In 1817, David Ricardo developed the classical theory of comparative advantage to explain why countries engage in international trade despite producing all traded goods more efficiently than other countries. The same principle applies to individual skills - specifically, skills which confer a comparative advantage by leveraging aptitude.

The best Formula 1 racing drivers have innately fast reaction times; when combined with thousands of hours of deliberate practice, their amplified advantage yields consistent wins. Hence, talent amplifies skill.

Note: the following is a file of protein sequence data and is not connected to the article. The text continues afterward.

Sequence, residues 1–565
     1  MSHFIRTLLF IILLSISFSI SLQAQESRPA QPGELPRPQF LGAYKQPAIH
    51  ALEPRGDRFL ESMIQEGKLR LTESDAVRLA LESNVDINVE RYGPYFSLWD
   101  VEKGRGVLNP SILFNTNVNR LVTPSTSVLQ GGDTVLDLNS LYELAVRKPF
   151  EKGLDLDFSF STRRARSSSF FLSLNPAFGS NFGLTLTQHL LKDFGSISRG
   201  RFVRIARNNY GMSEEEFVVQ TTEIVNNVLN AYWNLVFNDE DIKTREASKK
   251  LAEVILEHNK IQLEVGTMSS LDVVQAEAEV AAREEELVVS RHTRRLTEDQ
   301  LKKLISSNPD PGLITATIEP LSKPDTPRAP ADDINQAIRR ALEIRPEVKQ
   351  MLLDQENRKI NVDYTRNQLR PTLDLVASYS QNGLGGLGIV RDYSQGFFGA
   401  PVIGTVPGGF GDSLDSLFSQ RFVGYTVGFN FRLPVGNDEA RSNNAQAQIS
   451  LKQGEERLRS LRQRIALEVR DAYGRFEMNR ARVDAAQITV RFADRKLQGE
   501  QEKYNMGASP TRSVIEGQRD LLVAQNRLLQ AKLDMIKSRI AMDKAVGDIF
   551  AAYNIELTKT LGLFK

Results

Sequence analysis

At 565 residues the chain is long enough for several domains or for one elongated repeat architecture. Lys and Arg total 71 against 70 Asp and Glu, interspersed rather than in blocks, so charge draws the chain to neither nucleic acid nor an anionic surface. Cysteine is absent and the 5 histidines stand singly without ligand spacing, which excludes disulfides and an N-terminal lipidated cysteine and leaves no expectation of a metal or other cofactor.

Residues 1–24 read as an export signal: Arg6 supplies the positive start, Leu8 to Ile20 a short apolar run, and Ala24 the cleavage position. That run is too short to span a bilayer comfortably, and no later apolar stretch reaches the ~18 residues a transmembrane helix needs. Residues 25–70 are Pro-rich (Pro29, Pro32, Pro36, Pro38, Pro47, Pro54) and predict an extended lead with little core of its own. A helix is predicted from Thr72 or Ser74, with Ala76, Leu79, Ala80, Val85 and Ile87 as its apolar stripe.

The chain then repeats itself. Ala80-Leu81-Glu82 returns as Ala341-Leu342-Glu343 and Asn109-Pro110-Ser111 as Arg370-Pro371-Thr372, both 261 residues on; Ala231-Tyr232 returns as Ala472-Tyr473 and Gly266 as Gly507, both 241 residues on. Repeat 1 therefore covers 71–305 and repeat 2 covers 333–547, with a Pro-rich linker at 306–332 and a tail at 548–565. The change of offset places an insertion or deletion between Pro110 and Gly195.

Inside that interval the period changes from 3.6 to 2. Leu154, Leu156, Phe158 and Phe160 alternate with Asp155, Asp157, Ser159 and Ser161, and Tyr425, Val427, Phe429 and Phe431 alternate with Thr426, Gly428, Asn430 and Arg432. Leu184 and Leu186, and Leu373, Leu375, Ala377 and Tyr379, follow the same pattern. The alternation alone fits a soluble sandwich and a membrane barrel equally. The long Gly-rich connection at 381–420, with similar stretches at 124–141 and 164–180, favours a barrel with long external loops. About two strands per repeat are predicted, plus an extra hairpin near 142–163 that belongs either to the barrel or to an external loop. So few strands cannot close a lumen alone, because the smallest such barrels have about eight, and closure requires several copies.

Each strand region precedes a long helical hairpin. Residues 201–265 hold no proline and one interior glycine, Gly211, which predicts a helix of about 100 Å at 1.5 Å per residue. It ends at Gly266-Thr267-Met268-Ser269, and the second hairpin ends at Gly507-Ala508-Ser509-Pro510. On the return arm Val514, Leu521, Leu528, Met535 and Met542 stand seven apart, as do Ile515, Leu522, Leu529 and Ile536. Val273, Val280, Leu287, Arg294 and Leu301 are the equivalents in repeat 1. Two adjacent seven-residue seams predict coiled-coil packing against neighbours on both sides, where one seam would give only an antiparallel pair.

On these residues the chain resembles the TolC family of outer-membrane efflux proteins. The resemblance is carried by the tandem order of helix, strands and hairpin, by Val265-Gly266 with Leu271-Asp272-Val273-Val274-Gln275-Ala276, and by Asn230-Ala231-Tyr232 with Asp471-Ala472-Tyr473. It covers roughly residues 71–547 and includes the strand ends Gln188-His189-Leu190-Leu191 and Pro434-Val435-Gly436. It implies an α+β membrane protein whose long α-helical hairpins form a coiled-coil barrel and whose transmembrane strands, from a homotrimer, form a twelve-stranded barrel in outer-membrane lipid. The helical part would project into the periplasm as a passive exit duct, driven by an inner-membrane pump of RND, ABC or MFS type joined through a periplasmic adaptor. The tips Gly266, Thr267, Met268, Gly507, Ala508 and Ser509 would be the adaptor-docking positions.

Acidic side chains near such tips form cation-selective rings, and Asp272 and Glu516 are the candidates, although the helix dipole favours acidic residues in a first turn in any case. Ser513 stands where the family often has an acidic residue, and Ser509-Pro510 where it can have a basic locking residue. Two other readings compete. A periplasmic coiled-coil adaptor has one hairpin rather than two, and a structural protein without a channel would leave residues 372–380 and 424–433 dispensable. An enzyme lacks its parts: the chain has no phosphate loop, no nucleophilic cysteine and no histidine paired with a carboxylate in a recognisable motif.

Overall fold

The trick is choosing skills which can leverage aptitude to maximise your comparative advantage. For a strong maths major this might be learning to code, or for a hardy entrepreneur, mastering public speaking. This type of deliberate skill development feels like a form of value investing because well-aimed domain expertise telescopically extends prescient vision,

“One guaranteed have good startup ideas is on the leading edge of some technology...or as Paul Buchheit put it, to "live in the future." When you reach that point, ideas that will seem to other people uncannily prescient will seem obvious to you. You may not realize they're startup ideas, but you'll know they're something that ought to exist.” — Paul Graham, Before The Startup.

If true, the combined premise of prescient domain expertise and comparative skill advantage suggests a powerful recipe: by becoming a domain expert in a field that amplifies your aptitude, you can invent the future.